At dawn on June 28, the Honduran military abducted President Manuel Zelaya at gunpoint and flew him out of the country. Conflicting and ambiguous statements from the Obama administration left many confused about whether it opposed this coup or was really trying to help it succeed. Here are the top ten indicators (with apologies to David Letterman):
10. The White House statement on the day of the coup did not condemn it, merely calling on “all political and social actors in Honduras” to respect democracy. Since U.S. officials have acknowledged that they were talking to the Honduran military right up to the day of the coup — allegedly to try and prevent it — they had time to think about what their immediate response would be if it happened.
9. The Organization of American States (OAS), the United Nations General Assembly, and other international bodies responded by calling for the “immediate and unconditional” return of President Zelaya. In the ensuing five months, no U.S. official would use either of those two words.
8. At a press conference the day after the coup, Secretary of State Clinton was asked if “restoring the constitutional order” in Honduras meant returning Zelaya himself. She would not say yes.
7. On July 24th, U.S. Secretary of State Hillary Clinton denounced President Zelaya’s attempt to return to his own country that week as “reckless,” adding that “We have consistently urged all parties to avoid any provocative action that could lead to violence.”
6. Most U.S. aid to Honduras comes from the Millennium Challenge Corporation (MCC), a U.S. government agency. The vast majority of this aid was never suspended. By contrast, on August 6, 2008, there was a military coup in Mauritania; MCC aid was suspended the next day. In Madagascar, the MCC announced the suspension of aid just three days after the military coup of March 17, 2009.
5. On September 28, State Department officials representing the United States blocked the OAS from adopting a resolution on Honduras that would have refused to recognize Honduran elections carried out under the dictatorship.
4. The United States government refused to officially determine that there was a “military coup,” in Honduras — in contrast to the view of rest of the hemisphere and the world.
3. The Obama administration defied the rest of the hemisphere and the world by supporting undemocratic elections in Honduras.
On October 30th, U.S. government representatives including Thomas Shannon, the top U.S. State Department official for Latin America, brokered an accord between President Zelaya and the coup regime. The agreement was seen throughout the region as providing for Zelaya’s restitution, and — according to diplomats close to the negotiations — both Shannon and Secretary of State Hillary Clinton gave assurances that this was true.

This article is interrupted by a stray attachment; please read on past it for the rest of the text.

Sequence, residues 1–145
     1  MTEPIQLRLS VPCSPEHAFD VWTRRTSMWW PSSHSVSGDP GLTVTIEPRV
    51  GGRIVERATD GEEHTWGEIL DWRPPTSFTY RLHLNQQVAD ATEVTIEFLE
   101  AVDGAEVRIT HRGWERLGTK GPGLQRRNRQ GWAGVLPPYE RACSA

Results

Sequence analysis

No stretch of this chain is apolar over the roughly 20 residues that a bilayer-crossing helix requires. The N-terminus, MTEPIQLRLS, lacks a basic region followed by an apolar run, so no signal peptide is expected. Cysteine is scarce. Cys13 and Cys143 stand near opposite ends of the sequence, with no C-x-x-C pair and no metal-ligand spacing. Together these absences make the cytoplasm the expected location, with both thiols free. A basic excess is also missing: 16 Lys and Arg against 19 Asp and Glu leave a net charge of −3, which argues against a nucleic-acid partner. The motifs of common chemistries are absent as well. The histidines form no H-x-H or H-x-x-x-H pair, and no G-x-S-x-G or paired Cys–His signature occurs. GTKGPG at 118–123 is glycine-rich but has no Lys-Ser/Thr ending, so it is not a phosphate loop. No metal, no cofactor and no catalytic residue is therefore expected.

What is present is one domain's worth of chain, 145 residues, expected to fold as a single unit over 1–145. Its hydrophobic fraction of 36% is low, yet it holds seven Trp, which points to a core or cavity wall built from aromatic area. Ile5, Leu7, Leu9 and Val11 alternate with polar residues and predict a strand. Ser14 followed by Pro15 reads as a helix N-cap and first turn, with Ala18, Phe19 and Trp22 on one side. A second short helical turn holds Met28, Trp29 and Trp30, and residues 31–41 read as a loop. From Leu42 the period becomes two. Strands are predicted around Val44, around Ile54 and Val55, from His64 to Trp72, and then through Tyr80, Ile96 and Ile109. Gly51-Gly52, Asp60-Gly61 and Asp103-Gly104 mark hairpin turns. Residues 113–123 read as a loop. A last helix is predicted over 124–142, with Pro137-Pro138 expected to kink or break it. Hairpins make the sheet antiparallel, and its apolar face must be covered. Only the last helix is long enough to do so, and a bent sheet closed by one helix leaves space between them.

Yet just four days later, Mr. Shannon stated in a TV interview that the United States would recognize the November 29 elections, regardless of whether or not Zelaya were restored to the presidency. This put the United States against all of Latin America, which issued a 23-nation statement two days later saying that Zelaya’s restitution was an “indispensable prerequisite” for recognizing the elections. The Obama administration has since been able to recruit the right-wing governments of Canada, Panama, and Colombia, and also Peru, to recognize the elections. But its support for these undemocratic elections — to which the OAS, European Union, and the Carter Center all refused to send observers — has left the Obama administration as isolated as its predecessor in the hemisphere.
2. President Zelaya visited Washington six times after he was overthrown. Yet President Obama has never once met with him. Is it possible that President Obama did not have even five minutes in all of those days just to shake his hand and say, “I’m trying to help?”
1. The Obama administration has never condemned the massive human rights violations committed by the coup regime. These have been denounced and documented by Human Rights Watch, Amnesty International, the OAS Inter-American Commission on Human Rights (IACHR), as well as Honduran, European, and other human rights organizations. There have been thousands of illegal arrests, beatings and torture by police and military, the closing down of independent radio and TV stations, and even some killings of peaceful demonstrators and opposition activists.
These human rights violations have continued right through election day, according to Amnesty International and media reports, and beyond, including the killings of two activists opposed to the coup — Walter Trochez and Santos Corrales García — in recent days.
The United States government’s silence through more than five months of these human rights crimes has been the most damning and persistent evidence that it has always been more concerned about protecting the dictatorship, rather than restoring democracy in Honduras.
The majority of American voters elected President Obama on a promise that our foreign policy would change. For this hemisphere, at least, that promise has been broken.
The headline from the latest Time Magazine report on Honduras summed it up: “Obama’s Latin America Policy Looks Like Bush’s.”
Mark Weisbrot is co-director of the Center for Economic and Policy Research, in Washington, D.C. He received his Ph.D. in economics from the University of Michigan. He is co-author, with Dean Baker, of Social Security: The Phony Crisis (University of Chicago Press, 2000), and has written numerous research papers on economic policy. He is also president of Just Foreign Policy. This article was published by CEPR on 16 December 2009 under a Creative Commons license.